Alice beautifully conveys entireties– of characters, emotions, events, thoughts, actions- in very few pages.  It’s an enviable skill- and she has very much raised the bar on what defines successful storytelling.  I compare her to those rare (these days) storytellers I was privileged to see, as a child, every now and again.  In a short interlude of time they were able to spin tales of wonder that left me enchanted or wondering or questioning a closely-held certainty.

Alice’s stories do that too.  Although I love novels, the ability to completely devour a slice of life on a lunch break or subway trip, or drift away into another reality without completely messing with the schedule of things that need to be done (I have a habit of just forgetting about anything else- people, work, food- when caught up in an engaging story) makes a well-written short story appealing.

Alice Munro ‘does’ the short story like no one else.

And she now has the Nobel Prize in Literature, so people all over the world will get to know and love her, the way we’ve been able to do here at home for decades.

Her books are flying off the shelves.  As suspicious as I can be about the commercialization of literature, the exposure of the Nobel will introduce new readers to both Alice and parts of our home and native land.

(She’ll show the world that we aren’t just about our horrible mayors and imported filibustering junior GOP Senators, for example).

It’s the Friday of a long weekend (phew!) as we Canadians prepare to celebrate our Thanksgiving on Monday.  It’s our last long weekend of the year- and the last stat holiday until the Christmas season rolls around.  It was a beautiful day today and the sun and warmth should stay with us at least through tomorrow.

The folks south of our border have a long weekend too- celebrating an evil villain of history (at least according to The Oatmeal– who knew you could learn so much history on the facebook?  Love that guy.  He’s some funny!)- while we up here will be giving thanks for those things we sometimes take for granted over turkey and all the trimmings.

I’ve complained somewhat over-much about the goings on here at home lately.  I’m frustrated with the current political and social situations we’ve created for ourselves.  So I needed the reminder that we remain a pretty spectacular country, with some pretty spectacular citizens who contribute to the continuing betterment of the world and our culture.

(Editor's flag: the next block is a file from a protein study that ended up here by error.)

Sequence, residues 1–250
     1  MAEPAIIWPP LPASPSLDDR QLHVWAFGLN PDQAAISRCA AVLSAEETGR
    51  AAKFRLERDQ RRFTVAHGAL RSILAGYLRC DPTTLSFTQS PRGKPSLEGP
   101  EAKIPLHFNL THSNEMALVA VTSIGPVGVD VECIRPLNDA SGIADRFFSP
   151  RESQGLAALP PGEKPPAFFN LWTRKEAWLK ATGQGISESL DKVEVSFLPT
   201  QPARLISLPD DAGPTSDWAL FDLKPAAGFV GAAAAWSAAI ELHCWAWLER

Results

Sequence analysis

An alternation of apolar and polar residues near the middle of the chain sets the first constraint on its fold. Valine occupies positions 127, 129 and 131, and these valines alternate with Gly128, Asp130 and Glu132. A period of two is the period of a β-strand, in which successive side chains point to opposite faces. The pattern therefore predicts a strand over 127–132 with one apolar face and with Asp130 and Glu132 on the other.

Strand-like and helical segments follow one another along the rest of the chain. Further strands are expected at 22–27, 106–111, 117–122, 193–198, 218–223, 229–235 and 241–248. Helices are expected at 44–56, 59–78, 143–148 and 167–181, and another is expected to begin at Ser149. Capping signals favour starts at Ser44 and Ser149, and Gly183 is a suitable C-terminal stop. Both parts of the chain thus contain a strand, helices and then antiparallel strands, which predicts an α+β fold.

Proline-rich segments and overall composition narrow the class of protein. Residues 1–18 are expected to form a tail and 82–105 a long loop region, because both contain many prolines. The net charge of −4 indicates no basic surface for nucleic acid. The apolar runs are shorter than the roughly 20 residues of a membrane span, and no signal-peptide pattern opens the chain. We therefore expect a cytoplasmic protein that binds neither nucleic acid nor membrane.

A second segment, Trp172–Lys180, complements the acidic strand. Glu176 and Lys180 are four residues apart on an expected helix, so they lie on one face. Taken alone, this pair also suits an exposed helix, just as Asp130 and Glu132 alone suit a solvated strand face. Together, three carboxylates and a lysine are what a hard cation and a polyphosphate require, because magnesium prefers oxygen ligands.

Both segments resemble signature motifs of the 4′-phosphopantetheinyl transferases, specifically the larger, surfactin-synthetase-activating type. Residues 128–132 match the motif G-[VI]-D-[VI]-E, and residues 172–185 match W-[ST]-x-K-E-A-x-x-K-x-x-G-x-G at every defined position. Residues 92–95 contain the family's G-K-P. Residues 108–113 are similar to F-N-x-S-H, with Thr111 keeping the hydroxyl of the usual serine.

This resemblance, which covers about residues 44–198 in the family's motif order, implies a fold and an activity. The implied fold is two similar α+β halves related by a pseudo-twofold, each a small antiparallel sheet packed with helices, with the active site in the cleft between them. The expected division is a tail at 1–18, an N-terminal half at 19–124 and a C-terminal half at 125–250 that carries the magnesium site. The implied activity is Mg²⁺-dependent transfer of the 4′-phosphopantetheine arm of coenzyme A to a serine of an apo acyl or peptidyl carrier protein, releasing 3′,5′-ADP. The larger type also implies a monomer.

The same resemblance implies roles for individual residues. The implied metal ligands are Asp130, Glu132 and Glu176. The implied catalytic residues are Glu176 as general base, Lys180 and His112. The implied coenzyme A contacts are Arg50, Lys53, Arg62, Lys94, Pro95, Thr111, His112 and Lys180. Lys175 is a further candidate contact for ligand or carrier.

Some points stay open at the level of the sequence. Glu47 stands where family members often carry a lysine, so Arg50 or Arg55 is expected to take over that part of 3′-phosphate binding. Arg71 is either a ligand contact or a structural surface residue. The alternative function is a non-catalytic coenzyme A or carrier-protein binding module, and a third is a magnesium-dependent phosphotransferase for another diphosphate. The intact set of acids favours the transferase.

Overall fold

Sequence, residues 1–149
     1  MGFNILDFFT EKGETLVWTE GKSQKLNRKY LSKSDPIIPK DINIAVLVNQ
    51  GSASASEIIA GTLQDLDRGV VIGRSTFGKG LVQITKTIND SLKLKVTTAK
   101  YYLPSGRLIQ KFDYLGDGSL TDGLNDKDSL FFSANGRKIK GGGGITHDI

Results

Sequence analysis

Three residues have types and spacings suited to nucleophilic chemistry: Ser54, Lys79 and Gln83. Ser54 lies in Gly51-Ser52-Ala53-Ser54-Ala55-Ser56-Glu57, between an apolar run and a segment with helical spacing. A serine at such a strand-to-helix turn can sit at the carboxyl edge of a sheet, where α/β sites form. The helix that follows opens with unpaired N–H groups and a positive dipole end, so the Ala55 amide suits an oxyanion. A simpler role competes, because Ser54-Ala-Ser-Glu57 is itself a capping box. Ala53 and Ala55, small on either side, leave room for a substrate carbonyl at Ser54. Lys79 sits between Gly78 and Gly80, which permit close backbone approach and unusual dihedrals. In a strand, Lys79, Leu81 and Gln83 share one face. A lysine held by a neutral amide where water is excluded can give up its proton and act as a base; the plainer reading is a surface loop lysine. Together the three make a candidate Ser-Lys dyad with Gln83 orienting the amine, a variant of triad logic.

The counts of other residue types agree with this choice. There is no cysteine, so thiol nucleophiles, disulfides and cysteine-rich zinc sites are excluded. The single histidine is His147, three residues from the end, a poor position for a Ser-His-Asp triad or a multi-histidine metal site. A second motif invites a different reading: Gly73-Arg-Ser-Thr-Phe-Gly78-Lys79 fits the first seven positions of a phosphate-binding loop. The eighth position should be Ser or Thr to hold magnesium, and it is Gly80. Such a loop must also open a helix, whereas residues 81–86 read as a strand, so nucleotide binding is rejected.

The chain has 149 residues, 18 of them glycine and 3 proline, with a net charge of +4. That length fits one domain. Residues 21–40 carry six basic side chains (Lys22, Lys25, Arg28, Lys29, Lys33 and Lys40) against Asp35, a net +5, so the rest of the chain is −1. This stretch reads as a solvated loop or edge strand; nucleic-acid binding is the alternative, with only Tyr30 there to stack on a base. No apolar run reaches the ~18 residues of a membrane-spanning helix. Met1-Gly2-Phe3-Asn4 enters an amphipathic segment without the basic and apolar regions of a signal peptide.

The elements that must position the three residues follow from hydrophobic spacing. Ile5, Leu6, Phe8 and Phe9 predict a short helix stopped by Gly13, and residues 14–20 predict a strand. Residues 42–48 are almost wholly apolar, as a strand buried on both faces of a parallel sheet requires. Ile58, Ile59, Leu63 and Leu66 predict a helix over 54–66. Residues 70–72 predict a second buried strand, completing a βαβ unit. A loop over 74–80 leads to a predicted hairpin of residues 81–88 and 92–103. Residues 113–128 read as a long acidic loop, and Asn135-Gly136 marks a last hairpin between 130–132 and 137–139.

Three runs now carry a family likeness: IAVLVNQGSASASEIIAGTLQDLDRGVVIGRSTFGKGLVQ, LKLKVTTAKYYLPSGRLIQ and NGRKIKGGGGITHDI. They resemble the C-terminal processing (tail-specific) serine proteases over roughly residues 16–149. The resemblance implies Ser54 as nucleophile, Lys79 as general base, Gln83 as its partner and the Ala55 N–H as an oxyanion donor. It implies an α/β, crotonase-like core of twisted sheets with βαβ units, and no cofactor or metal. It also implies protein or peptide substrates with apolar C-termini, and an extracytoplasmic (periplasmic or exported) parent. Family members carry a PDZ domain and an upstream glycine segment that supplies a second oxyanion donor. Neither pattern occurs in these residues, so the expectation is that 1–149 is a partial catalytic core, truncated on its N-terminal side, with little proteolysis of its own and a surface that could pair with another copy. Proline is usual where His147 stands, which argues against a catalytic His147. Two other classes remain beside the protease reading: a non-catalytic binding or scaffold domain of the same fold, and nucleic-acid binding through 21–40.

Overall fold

Alice has been recognized for doing so in a reallyreally big way this week.  She is one among a whole crowd of Canadians who bring positive creativity into the world.

So this weekend’s playlist on the Shuffle Daemon (as I continue finish the packing and organizing) is all about the CanCon.

Metric.  Emily just has one of those voices…

Talk like an open book
Sign me up

USS- or Ubiquitous Synergy Seeker.  A great band name (always seeking synergy, me), playing a song with an equally great title (‘Hollowpoint Sniper Hyperbole’)– which contains lyrics from that Newfoundlander traditional folk tune, ‘I’se the B’y’ (CanCon²).  

Bowie singing backup to Arcade Fire.  What can be better than that?  (Going to see the the Bowie exhibit at the AGO in a couple of weeks- can’t wait).  I don’t think I could love this song more.  And lyrics in both langues officielles (CanCon², again).

Entre la nuit, la nuit et l’aurore.
Entre les voyants, les vivants et les morts.

And now from the vaults…

Lovely song.  And all that hair!  The song was produced by another fairly popular Canadian dude by the name of Tom Cochrane (that’s him singing backup.  He had a bunch o’ memorable tunes himself).  (2X the Canada in that one too.)

BNL singing a classic Bruce Cockburn song while driving around Toronto in the back of a truck (well, Scarborough, to be precise).  So, that’s actually CanCon³.  (A friend and I were out for dinner last night and recalling a stretch of time when Steven Page seemed to be everywhere she was.  We decided he was stalking her.  But in a friendly, Torontonian sort of way.)

You’ve got to kick at the darkness ’til it bleeds daylight.

The Hip- singing about coming home on the last American exit.  For all those road-tripping home to see the family.  This was the first Hip song I ever heard (Gord had SO much hair) and it remains my sentimental favourite.  All of their songs are Canada, somehow.

In case anyone is planning on spending the long weekend over-imbibing, a cautionary tale from Spirit of the West.

Since this post has grown to monumental proportions (verifying my friend’s earlier complaint about my ‘wordiness’), just one last offering to close the evening while opening the weekend of celebrating.  From our very own bard of Montreal.  About a little tavern in Toronto (CanCon²).

…and I lift my glass to the Awful Truth
which you can’t reveal to the Ears of Youth
except to say it isn’t worth a dime
And the whole damn place goes crazy twice
and it’s once for the devil and once for Christ
but the Boss don’t like these dizzy heights
we’re busted in the blinding lights,

of closing time

Have a fantastic weekend!

P.S.  There are so many songs that could have/should have made the Shuffle Daemon.  I think this post will require a musical sequel (or more) down the road.  Canada Rocks.  We just do.